by Jen Hoyer
Apr 23, 2019

Brooklyn Connections is the education outreach program in the Brooklyn Collection, focused on cultivating 21st Century learning skills in students and supporting teachers on the incorporation of archives materials into curricula.

This blog post is part of a series from the Brooklyn Connections team, sharing skills and ideas for using archives primary source material in the classroom. As part of our work, we create freely available Primary Source Packets to help students and teachers access primary source material from the Brooklyn Collection about local history topics.

Brooklyn is all about bridges. Our primary source packet on bridges is a terrific way to explore the impact these structures have on our borough.

Imagine our city without bridges! In this print from Harper’s Weekly in 1873, we get to take a look at engineers discussing how to build a bridge across the river. So much has changed: from Manhattan’s skyline in the background, to the activity of boats providing transportation of people and goods across the water.

Harper's Weekly print of NY Harbor, 1873.
“New York Harbor.” Harper’s Weekly. Nov 1873. Print. Brooklyn Public Library, Brooklyn Collection.

 

We can use primary sources to get a closer look at the tools used for building bridges. In these illustrations of construction at the Brooklyn Bridge, what tools and simple machines can students identify? How did those simple machines make work easier?

images of East River Bridge construction, Harper's Weekly 1870
Air chambers for the ingress and egress of workmen. | Sending up debris through the water shaft.
images of East River Bridge construction, Harper's Weekly 1870
“The East River Bridge.” Harper’s Weekly. 17 Dec. 1870. Print.

 

Another type of primary source that can help us understand the impact of bridges on our lives is maps. How does a comparison of these two maps help us understand the way bridge construction changes a neighborhood?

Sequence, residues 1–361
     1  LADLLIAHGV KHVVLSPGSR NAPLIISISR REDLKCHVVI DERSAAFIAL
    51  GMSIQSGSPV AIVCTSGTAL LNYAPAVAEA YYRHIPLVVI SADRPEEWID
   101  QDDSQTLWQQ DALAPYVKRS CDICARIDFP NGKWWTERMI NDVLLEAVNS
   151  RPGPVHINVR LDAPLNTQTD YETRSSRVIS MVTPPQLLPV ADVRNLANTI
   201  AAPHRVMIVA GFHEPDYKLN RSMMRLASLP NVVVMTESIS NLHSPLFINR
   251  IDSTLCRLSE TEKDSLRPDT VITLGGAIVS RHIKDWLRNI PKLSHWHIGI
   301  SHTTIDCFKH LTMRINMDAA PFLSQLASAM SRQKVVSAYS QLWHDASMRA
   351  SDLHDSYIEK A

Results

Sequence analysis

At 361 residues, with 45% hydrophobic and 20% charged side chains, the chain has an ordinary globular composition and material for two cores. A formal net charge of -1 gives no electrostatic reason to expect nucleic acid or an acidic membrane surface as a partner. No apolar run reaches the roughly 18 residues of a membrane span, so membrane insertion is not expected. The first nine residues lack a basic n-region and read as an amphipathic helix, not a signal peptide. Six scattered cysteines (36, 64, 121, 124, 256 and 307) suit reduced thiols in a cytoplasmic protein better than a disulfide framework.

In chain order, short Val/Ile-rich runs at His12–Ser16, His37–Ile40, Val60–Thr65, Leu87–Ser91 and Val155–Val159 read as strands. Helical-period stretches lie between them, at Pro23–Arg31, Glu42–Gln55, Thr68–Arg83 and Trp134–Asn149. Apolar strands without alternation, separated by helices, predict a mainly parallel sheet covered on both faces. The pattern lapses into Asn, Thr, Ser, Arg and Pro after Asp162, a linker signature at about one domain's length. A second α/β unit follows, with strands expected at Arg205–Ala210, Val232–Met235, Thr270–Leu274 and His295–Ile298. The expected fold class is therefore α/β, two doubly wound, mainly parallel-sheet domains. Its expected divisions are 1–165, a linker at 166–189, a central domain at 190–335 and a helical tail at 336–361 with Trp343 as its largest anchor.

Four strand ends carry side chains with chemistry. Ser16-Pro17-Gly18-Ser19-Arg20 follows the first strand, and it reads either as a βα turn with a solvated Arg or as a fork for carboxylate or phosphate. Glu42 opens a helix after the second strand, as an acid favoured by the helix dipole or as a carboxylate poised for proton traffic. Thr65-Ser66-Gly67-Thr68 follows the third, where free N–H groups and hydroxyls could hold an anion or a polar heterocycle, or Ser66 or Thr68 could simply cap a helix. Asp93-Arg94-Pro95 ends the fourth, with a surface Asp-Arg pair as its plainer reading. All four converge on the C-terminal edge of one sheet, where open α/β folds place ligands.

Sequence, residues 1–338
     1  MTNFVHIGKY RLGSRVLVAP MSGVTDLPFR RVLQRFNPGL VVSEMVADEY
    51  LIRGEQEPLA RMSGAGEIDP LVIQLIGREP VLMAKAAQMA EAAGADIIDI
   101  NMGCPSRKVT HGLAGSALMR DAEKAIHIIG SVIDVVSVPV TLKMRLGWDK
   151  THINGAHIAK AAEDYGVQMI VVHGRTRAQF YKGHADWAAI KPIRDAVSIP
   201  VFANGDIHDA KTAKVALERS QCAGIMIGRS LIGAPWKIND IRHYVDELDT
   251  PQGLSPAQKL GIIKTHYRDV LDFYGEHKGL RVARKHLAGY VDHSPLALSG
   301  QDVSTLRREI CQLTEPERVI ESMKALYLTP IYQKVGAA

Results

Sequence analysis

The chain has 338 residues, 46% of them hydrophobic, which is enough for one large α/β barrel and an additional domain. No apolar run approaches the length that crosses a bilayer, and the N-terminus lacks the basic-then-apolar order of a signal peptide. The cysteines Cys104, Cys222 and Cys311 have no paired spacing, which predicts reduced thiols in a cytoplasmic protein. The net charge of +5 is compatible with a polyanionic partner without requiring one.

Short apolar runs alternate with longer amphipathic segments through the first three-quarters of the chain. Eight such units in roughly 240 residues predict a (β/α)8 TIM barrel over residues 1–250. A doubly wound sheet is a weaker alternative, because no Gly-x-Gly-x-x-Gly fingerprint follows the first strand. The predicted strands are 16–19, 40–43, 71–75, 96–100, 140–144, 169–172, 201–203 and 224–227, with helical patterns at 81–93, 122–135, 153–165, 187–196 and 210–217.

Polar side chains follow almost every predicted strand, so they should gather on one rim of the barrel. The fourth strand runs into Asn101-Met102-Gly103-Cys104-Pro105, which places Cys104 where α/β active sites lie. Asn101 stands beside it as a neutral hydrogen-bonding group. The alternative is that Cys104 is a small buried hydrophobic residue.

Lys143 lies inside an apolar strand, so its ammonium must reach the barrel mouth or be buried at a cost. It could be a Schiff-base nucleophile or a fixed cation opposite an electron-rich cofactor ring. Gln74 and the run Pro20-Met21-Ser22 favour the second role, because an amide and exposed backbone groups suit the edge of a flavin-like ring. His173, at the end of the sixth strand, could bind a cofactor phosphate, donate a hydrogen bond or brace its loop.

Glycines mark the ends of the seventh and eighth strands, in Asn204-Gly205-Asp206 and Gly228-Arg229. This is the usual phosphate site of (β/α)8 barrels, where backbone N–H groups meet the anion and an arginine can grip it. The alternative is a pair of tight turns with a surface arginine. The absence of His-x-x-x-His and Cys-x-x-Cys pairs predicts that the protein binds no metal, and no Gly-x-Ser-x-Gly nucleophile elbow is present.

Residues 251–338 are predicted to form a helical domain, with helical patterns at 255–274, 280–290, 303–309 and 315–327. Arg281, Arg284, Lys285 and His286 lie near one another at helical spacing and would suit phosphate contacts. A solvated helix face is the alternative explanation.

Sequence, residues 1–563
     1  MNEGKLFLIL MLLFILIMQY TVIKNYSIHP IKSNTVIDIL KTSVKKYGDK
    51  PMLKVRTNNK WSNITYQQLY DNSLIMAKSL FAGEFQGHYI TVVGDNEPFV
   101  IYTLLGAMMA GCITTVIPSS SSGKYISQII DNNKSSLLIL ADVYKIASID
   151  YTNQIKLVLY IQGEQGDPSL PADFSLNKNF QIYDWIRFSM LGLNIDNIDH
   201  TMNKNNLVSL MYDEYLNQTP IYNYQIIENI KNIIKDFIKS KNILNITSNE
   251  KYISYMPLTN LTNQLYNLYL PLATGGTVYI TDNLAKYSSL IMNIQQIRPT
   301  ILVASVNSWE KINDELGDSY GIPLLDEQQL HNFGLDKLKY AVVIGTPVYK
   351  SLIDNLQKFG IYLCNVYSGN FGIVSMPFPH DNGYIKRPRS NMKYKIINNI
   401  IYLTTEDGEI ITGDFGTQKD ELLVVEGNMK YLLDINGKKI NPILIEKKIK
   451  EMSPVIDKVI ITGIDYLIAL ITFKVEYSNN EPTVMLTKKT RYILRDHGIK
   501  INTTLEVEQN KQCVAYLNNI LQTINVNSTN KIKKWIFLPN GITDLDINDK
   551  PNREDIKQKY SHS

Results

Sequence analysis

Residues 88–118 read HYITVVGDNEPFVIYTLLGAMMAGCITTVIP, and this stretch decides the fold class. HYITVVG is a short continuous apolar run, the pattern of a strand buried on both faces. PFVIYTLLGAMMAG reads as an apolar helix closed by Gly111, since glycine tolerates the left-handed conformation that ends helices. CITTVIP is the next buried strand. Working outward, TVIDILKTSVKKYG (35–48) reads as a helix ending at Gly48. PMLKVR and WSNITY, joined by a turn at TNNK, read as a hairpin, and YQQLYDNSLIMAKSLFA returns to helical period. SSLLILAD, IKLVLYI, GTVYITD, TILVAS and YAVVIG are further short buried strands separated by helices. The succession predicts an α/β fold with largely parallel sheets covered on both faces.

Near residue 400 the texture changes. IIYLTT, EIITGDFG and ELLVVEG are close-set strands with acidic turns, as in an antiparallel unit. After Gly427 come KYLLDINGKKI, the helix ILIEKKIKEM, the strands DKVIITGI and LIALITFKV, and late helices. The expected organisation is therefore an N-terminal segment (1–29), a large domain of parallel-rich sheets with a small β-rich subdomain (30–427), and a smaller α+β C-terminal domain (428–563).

plate from 1887 map of Brooklyn
“Sheet 60L.” Insurance Maps of Brooklyn, New York. Volume 3, 1887.
plate from 1918 map of Brooklyn
“Sheet 6.” Insurance Maps of Brooklyn, New York. Volume 3, 1918.

Comparing maps from 1887 and 1918 shows a lot of changes: these documents provide a great starting point for discussion about:

  • What stayed the same in this neighborhood between 1887 and 1918?
  • What do you think happened to the homes and businesses on the 1887 map that are replaced by a bridge on the 1918 map? Why do you think that?
  • What changes occurred to the businesses and homes near the bridge after it was built? Why do you think those changes happened?
  • Examine the ferry routes marked on the map. Why do you think the ferries change their destination from Grand Street to 23rd Street?

 

Finally, looking at images of bridges around Brooklyn also helps us understand the ways that technology and engineering change over time, or are used to create different structures for different purposes:

Brooklyn Daily Eagle illustration of new east river bridge.
“Building the New East River Bridge.” [Excerpt.] The Brooklyn Daily Eagle. 3 May 1896.
photograph of Marine Parkway Bridge
“Marine Parkway Bridge.” Brooklyn Daily Eagle, circa 1938-1951. Brooklyn Public Library, Brooklyn Collection.

Comparing these two images can help us ask:

  • What looks the same?
  • What looks different?
  • What can one bridge do that the other cannot? How would this change the way a bridge is constructed?

 

Our Bridges primary source packet contains all of these sources and more. You and your students can also dive into bridge research with Brooklyn Connections primary source packets focused more specifically on the Brooklyn Bridge and the Verrazzano Bridge.

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